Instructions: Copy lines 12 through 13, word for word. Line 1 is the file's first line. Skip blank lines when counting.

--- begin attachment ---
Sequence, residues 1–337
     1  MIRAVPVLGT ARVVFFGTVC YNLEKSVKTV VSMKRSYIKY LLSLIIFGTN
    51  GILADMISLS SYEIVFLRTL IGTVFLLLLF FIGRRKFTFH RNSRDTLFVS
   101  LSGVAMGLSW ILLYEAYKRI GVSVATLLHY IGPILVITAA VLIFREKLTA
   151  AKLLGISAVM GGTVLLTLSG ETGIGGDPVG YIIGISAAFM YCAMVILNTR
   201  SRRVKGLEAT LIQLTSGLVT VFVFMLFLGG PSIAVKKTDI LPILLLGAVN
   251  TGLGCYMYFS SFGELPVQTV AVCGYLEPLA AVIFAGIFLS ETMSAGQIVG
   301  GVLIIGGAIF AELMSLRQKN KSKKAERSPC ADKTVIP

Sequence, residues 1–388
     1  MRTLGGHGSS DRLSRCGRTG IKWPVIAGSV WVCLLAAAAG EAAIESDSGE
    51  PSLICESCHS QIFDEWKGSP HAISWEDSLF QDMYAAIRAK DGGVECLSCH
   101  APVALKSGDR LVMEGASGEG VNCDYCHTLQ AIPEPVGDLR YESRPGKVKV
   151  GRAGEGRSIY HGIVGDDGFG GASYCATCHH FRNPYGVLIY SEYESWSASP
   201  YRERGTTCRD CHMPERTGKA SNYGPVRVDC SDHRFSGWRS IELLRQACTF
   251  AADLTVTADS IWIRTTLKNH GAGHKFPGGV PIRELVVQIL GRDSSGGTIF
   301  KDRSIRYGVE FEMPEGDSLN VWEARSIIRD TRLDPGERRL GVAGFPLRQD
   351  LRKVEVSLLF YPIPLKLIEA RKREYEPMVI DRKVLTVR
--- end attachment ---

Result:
   101  APVALKSGDR LVMEGASGEG VNCDYCHTLQ AIPEPVGDLR YESRPGKVKV
   151  GRAGEGRSIY HGIVGDDGFG GASYCATCHH FRNPYGVLIY SEYESWSASP